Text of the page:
“What do you wish everyone knew about foster care?”

Kaylin is an active member of the LifeStrengths program. At every event she attends, she lights up the room. We asked Kaylin a few questions about her experience growing up in the foster care system. From sharing her dream to what she wishes everyone knew about foster care; her insight is invaluable as she explains firsthand what foster care is like.

Q: What is an experience that you feel that anyone in foster care has gone through?

A: Feeling like we don’t belong.

I don’t know how many times I have used the phrase ‘normal kids’ to refer to a child that has not gone through the care system. I always felt like no one wanted me because if my own parents didn’t keep me, why would anyone else? Being excluded from events my foster family held, birthday parties, weekend trips, and, most important, family photos made me feel even more out of place because I would see all the family photos and never see myself in them. Feeling like we don’t belong will always be present, but there are things foster parents can do to lessen those thoughts.

Q: What do you wish everyone knew about foster care?

A: Just because we are in foster care does not mean we are ‘problem kids.’ I think some people see foster kids as children who act out all the time. Every child has their outbursts whether in foster care or not. Yes, a foster child’s outburst may be more extreme than a child that grew up at home, but you have to realize that these children went through horrible things that no child their age should go through; it forces them to grow up when they should be a kid, so yes their tantrums may be worse, but they went through something at an age where they should have been safe and secure and were not. They are not problem children; they just need a little more work to get over the trauma placed upon them. 

What would you tell someone interested in being a foster parent?

A: Be Patient.  

You get a brief background story of a kid when you take them in, but not always, and you never truly know what the child has gone through. If they are younger or even older, they may not be able to process the trauma they went through and may act out as a way to deal with it unknowingly. Being patient and trying to figure out why they are acting out is better than just punishing them for the wrongdoing. Sit down with them; you don’t have to talk but just reassure them that you still love and care for them, and the talking will eventually come.

Be Inclusive.

Nothing is more heartbreaking to a kid than feeling unwanted. They go into your home already feeling out of place and knowing that they are not your biological kids, so excluding them from certain things like family pictures, family trips, etc, you are teaching them that the key word in all of those ‘family’ means nothing because they are a foster kid. Showing them that even if they are not your biological kids, they are still a part of your family will only strengthen the bond between the child and the family, and if adoption is not your long-term goal, it will give the child a sense of security in knowing it is possible to find a family that is not biological when they are moving to the next home.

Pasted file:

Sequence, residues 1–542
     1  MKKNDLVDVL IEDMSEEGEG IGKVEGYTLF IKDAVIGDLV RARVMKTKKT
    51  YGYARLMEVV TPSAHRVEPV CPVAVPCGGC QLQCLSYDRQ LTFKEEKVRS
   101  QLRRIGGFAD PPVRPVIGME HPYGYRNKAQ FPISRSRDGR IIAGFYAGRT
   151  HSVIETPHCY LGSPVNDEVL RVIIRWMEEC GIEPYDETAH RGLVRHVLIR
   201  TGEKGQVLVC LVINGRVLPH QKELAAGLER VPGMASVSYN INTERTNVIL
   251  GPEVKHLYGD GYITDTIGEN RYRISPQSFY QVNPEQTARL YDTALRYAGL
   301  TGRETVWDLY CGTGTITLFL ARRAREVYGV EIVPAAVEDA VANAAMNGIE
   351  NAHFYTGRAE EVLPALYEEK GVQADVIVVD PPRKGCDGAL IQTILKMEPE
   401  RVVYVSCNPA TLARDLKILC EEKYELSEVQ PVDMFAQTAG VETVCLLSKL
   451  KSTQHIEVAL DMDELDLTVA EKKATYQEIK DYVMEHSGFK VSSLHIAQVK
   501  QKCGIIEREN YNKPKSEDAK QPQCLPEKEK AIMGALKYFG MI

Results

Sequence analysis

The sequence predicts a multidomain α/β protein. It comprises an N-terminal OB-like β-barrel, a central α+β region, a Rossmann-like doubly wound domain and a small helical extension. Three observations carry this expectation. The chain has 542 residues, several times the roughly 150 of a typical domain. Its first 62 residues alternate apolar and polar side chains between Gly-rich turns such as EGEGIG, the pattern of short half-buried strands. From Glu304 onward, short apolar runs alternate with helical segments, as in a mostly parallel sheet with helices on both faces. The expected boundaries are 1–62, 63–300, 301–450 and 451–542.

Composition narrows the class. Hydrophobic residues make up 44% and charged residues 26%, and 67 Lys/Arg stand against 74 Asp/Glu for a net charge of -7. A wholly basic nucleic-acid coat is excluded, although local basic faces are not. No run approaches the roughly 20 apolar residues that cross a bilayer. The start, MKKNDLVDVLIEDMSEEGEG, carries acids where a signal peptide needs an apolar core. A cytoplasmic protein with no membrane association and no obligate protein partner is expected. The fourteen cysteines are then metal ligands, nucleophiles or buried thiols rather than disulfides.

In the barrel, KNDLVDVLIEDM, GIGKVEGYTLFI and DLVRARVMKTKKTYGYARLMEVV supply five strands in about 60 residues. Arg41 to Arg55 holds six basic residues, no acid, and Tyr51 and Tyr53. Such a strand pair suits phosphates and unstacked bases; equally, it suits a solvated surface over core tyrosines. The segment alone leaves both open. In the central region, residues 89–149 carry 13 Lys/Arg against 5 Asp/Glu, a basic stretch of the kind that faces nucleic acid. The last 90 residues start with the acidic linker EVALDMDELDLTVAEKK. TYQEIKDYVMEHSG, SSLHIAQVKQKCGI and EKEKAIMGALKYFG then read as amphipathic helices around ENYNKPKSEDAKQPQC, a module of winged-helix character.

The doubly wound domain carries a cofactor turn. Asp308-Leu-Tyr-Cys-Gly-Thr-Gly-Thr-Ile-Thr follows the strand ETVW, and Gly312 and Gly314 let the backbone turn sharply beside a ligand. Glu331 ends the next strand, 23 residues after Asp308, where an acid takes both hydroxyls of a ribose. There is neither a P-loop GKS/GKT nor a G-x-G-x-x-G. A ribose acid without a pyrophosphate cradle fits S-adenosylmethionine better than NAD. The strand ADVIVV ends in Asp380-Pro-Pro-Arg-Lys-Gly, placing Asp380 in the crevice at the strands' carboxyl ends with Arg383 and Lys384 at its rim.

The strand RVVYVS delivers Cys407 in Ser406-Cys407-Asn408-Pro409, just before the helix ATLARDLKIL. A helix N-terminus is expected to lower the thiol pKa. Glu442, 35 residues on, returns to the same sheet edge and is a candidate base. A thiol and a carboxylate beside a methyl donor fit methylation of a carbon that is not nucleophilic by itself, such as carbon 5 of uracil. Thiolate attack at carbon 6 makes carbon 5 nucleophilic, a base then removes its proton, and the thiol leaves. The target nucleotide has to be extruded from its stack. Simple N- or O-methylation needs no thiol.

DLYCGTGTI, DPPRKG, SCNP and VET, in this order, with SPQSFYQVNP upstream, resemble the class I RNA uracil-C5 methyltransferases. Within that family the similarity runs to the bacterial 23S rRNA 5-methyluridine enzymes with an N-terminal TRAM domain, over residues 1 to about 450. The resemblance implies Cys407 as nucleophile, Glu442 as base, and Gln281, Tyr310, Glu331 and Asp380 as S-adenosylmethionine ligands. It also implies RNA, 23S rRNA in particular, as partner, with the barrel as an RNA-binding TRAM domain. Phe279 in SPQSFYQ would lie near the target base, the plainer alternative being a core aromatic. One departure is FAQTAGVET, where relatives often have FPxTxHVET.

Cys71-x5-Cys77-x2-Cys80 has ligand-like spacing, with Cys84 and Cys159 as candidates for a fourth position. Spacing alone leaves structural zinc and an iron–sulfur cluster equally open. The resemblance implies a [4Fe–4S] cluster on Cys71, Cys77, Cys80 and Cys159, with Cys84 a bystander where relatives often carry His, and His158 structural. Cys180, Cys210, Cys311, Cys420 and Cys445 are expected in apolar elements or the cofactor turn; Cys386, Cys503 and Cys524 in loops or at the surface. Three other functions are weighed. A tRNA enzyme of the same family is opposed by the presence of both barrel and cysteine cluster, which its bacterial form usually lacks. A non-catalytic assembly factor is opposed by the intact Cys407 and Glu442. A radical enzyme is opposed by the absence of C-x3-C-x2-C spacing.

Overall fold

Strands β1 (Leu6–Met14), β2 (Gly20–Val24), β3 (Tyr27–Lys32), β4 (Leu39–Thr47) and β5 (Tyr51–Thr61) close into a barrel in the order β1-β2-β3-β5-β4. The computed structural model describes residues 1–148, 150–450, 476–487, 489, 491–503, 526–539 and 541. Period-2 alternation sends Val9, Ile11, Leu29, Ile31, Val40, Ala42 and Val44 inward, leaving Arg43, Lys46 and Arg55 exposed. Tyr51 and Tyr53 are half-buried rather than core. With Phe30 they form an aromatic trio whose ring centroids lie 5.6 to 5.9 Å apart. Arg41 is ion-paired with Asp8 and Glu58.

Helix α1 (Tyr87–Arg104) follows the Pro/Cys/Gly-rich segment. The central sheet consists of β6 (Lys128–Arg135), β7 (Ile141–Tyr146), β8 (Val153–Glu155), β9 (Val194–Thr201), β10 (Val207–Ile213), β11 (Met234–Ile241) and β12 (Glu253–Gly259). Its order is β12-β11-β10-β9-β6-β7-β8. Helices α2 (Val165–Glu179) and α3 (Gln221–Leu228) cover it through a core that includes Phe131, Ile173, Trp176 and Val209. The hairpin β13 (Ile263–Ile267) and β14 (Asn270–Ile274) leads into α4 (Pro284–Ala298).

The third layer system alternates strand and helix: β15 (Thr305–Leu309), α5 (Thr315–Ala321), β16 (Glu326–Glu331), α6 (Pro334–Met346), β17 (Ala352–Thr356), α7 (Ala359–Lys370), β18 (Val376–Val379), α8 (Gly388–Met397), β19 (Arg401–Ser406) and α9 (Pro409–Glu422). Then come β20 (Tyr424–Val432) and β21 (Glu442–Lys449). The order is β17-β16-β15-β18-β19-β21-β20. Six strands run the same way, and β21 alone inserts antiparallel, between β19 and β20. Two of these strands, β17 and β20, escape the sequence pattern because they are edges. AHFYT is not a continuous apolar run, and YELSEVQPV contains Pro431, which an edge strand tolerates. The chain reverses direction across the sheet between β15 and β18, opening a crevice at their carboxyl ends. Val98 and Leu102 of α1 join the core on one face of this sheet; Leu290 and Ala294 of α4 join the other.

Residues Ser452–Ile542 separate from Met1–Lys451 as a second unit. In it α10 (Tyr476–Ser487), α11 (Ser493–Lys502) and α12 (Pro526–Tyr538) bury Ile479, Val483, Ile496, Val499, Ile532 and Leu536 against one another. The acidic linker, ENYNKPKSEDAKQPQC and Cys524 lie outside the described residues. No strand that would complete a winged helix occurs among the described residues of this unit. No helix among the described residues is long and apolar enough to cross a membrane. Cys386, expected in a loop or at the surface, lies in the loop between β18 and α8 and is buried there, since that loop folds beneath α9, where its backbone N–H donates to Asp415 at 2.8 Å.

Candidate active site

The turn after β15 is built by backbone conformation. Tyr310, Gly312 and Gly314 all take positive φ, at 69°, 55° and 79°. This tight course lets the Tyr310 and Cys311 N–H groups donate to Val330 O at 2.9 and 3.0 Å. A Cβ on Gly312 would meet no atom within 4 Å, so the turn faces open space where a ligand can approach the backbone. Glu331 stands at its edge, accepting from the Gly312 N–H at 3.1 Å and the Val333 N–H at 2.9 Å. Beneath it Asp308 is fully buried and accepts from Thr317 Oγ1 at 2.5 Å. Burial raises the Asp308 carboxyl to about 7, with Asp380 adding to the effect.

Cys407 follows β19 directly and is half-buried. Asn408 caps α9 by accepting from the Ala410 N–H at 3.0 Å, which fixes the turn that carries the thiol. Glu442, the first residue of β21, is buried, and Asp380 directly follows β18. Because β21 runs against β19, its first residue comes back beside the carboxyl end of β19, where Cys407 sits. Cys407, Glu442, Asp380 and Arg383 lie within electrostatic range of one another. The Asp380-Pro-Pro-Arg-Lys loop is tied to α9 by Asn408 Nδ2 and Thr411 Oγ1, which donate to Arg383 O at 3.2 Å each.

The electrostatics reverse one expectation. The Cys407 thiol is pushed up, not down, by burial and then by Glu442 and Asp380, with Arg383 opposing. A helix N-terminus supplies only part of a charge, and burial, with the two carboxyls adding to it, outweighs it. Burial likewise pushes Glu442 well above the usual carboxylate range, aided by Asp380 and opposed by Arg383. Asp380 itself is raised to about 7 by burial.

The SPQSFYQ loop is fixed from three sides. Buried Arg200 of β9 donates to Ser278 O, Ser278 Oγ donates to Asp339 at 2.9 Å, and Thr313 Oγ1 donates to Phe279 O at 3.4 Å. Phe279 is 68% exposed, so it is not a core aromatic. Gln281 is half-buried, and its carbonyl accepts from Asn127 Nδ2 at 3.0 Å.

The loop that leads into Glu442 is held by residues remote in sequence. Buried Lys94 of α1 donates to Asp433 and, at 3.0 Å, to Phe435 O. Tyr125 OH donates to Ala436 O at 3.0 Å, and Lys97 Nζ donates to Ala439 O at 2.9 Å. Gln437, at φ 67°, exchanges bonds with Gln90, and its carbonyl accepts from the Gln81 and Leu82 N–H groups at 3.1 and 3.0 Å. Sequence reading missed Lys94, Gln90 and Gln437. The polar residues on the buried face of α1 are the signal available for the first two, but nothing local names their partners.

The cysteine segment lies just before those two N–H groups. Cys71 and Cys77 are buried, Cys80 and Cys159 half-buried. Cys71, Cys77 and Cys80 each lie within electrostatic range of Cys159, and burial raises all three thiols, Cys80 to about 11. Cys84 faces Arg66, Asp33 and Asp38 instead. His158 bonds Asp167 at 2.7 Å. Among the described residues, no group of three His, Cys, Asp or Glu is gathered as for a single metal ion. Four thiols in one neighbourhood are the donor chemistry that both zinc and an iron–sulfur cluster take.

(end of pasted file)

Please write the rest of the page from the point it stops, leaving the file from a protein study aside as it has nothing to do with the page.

Q: What would you tell your 10-year-old self?

A: Keep going, and everything will slowly fall into its right place.

Q: Do you have a motto or phrase you live by? What is it, and why?

A: 2 Timothy 1:7  KJV:  For God hath not given us a spirit of fear; but of power, and of love, and of a sound mind.

The reason I chose this verse is that with God, I am at peace with myself; even when there is chaos flooding my life, God gives me a feeling of purpose within the chaos, and i know that no matter what happens, God is guiding me exactly where HE wants me, and where he wants me is exactly where I want to go.

Q: Who is someone you look up to?


 He is the one person I know that I can always rely on and never be abandoned. He will always lead me in the right direction no matter the circumstance, and I could not have chosen a better person to look up to than him.

Q: What is your dream?

A: To be at peace. Whether it be in my place of work, school, etc. I want to be content with where I am and how far I’ve come to get there.

Q: What do you know now that you didn’t know a year ago?

A: The only way to grow and change is to struggle. The main way to know if you’re in a time of change is through struggle; new things are not easy to change. You have to try something new and a lot of the time, you have no idea what you are doing. Change is hard. We like to stay where we finally feel comfortable, but you can only grow with change.

We hope Kaylin’s words are inspiring and give you an insight into what growing up in foster care is like. Feel free to write a note of encouragement to Kaylin below!

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